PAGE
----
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Mar 28, 2012

Finding Strong Women in a Macho Culture

ArtCorps Artist Naphtali Fields is working in collaboration with with Servicio Jesuita and Oxfam America to empower women and girls in rural El Salvador through theater and other means of creative expression. She is originally from Kodiak, Alaska.

While cleaning my grandmother’s house, I found a box of National Geographic magazines from the eighties. While my uncle and brothers kept sorting through boxes accumulated over a long lifetime, I crouched on the floor, cutting out brilliant images of far-flung lands. Now those pictures grace my bedroom wall in El Salvador.  My favorite features an Alaskan woman from Juneau, flexing an impressive bicep above a heading that reads, “Alaska: A Place Apart”. I always imagine the woman as a fisherman (her muscles are inspiring) and sometimes look at her picture to remind myself of who I want to be in a place where the definition of a woman is so different than the smiling, strong, independent female pasted to my yellow wall.

What does it mean to be a woman? The answer not only varies from El Salvador to Kodiak but from person to person. All of us, women and men, work out the significance of our gender through our lives. I think of Alaskan women as strong like my picture. They are smart, know how to get things done; they are businesswomen, mothers, teachers, doctors, fishermen, and hunters. I grew up believing that women could do anything they wanted to.

Then I arrived in Palo Pique, Ahuachapán, El Salvador. There is a dusty road riddled with potholes and stones that the bus travels only three times a day. If a woman wears pants, she is ridiculed and called a prostitute. No one works outside the home; if a mother of five children wants to visit a neighbor a few houses down, she has to ask her husband’s permission. Though I try to fit in, it seems everything I do falls under male stereotypes. I walk alone. I wear pants. I talk in public and lead events. I don’t defer to masculine authority. I stand out like a sore thumb. Yet despite all my presumably male activities, I endure a ridiculous amount of male attention every time I leave the house.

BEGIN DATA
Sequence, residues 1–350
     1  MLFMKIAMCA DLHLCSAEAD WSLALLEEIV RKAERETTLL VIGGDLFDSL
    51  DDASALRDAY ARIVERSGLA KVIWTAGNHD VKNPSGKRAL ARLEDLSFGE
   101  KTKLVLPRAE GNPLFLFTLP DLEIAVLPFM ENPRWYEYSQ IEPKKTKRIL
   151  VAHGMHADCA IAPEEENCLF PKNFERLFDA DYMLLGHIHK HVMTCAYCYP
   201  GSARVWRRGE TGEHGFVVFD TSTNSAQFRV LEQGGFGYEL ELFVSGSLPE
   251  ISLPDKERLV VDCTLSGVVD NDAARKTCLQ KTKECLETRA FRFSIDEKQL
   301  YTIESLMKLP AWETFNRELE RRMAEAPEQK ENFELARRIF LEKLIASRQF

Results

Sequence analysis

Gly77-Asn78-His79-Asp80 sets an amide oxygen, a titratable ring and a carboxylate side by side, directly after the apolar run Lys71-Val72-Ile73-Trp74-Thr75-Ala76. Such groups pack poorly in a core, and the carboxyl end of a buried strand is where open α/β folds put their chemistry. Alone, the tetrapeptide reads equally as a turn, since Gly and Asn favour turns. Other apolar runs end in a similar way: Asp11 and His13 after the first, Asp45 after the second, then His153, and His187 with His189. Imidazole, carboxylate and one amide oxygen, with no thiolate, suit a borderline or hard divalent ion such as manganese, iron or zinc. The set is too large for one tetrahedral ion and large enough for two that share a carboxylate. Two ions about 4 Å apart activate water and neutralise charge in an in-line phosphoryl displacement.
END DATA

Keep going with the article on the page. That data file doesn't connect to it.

Latino culture is verbal in their admiration of a female, any female, who isn’t crippled or sagging or dead. I got angry at first when a chorus of, “Hola, mi mamacita linda,” followed me down the street, but now the noise almost blends in with the belching smoke of busses and the trigger-happy sirens of police cars. I try different experiments with clothes to see if more or less coverage makes a difference in the attention. It doesn’t. I ask my girlfriends here what they do about the constant heckling. “Ignore it,” they tell me. My best friend Aracely saw me give the finger to a truck that followed me one day. “Don’t do that again,” she says. “They like any kind of response, even a negative one. Some guys blow kisses and say, ‘If you don’t like it, just throw it back. They’ll just keep following you if you act mad.’” I try to follow her advice and keep my fingers and my eyes to myself. It’s been the most effective method so far, but I can’t imagine living like this all the time. When every public outing is a sexual battlefield where the men behave abominably and the only weapon women have is silence.

 A few days ago, a man followed me off the bus in my neighborhood. I didn’t notice him; I was admiring the outdoor decorations my neighbors put up when he turned around and quickly groped me with one hand before hurrying away. I stood still staring after him, cursing myself for not being able to remember any of the bad words I’ve been practicing in Spanish. I let him walk away without communicating in any way my displeasure at being treated as an object to fulfill his sexual desires.

My work in theater groups with women and young people focuses on gender-based violence: its causes and ways we can combat them. I confess to being enraged that after leading so many self-empowerment workshops I stood still and let a man walk away after treating me with so much disrespect. I’m ashamed to tell the story to the women in my groups. 

“Well, what did you do?”  they’ll ask me.  

“Nothing,” I’ll say, “I didn’t do anything.” Perhaps the worst part is that they’ll nod their heads in agreement. Doing nothing is something they do well. 

The picture of my Alaskan women is fading in the humidity of the tropics. Tomorrow my woman’s group meets for the last time and we will talk about what we’ve learned together about being women. This time, I don’t want to lecture about the strong, brave, ideal woman they should emulate. There is a strength more subtle here than the bicep-flexing model I follow. Maybe my friends endure too much, submit too often, or silence themselves when they should speak out. Or maybe they understand something that my forcefulness has overlooked.

“What does it mean to be a woman?” I’ll ask them. Then I will sit in the circle and listen carefully, stitching together another image of womanhood that I can carry home.

Dec 14, 2011

A Never-Ending Rain

ArtCorps Artist Naphtali Fields assisted with disaster relief this past month, as more rain fell in El Salvador than during the devastating 1998 Hurricane Mitch. Read more about the flooding and landslides that have caused national emergencies in Central America.